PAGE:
Botanical gardens aren’t just looking for gardeners to come visit them these days. They’re looking for people who go to art museums and zoos.
So says Pat Matheson, the executive director of the Atlanta Botanical Gardens, who’s quoted in a New York Times story last month in which author Judith H. Dobrzynski explores how botanical gardens across the United States are pulling the reins back on gardening and looking for new ways to attract visitors.
Gardening is, of course, still a primary draw of botanical gardens. But botanical garden directors are turning to food festivals, concerts and sculptures to draw crowds that used to visit solely for the showcase of flowers.
Times change, though.
“There’s a generation that will be less interested in gardens, but that generation is incredibly interested in what’s happening with the planet,” Daniel J. Stark, executive director of the public gardens association told The New York Times. “Recently, my own two daughters, and a friend, were reading me the riot act about cutting down some trees.”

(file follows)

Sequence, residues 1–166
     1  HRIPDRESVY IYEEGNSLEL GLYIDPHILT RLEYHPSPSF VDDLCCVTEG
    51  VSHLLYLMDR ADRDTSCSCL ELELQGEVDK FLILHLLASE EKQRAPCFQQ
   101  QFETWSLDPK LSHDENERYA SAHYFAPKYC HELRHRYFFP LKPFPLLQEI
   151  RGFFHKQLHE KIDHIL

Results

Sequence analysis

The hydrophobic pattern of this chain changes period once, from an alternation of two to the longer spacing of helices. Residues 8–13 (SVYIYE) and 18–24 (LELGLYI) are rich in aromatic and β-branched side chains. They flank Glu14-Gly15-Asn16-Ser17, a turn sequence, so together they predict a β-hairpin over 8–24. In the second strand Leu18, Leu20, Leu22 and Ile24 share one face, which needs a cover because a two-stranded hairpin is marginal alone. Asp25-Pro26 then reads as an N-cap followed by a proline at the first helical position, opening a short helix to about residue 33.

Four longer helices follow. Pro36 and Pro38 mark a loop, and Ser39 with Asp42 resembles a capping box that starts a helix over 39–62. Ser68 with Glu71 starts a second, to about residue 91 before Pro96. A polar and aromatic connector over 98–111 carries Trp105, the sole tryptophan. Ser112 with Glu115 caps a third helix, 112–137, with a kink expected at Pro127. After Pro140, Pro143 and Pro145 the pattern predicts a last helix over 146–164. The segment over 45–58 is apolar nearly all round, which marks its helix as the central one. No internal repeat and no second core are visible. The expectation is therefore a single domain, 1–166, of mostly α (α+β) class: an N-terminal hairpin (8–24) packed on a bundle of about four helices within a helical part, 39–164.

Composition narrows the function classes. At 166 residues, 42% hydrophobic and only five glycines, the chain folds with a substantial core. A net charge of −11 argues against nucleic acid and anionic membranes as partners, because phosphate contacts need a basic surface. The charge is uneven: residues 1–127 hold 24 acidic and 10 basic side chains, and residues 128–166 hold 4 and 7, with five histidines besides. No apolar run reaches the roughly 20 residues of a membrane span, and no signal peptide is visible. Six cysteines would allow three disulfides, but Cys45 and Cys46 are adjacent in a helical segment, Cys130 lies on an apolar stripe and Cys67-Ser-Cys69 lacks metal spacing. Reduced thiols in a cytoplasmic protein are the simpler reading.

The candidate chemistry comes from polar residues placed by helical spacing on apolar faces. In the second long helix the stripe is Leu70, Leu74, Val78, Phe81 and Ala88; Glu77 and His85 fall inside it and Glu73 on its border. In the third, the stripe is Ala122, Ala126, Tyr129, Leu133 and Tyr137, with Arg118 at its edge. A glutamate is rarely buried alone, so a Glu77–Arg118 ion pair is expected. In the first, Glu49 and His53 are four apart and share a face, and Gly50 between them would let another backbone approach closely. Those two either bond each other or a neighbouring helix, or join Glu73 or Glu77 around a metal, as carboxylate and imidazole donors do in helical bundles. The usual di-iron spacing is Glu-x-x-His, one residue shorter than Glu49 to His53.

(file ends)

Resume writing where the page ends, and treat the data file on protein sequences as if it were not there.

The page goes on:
Shockingly, Stark’s daughters are 4 and 8. And if they already care enough to preserve trees, our industry needs to be front and center explaining to them why gardening is just as vital.
The same should be the case for our nation’s botanical gardens. Food festivals and concerts shouldn’t be the primary motivation for visiting them. Plants should be the primary purpose, while events add value to the botanical garden experience.
Unfortunately, we have work to do to convince next generations gardening is worth the effort and our botanical gardens are worth a visit. The two go hand in hand, of course. So let the state of our botanical gardens serve as yet another reminder that gardening, in general, needs a boost.
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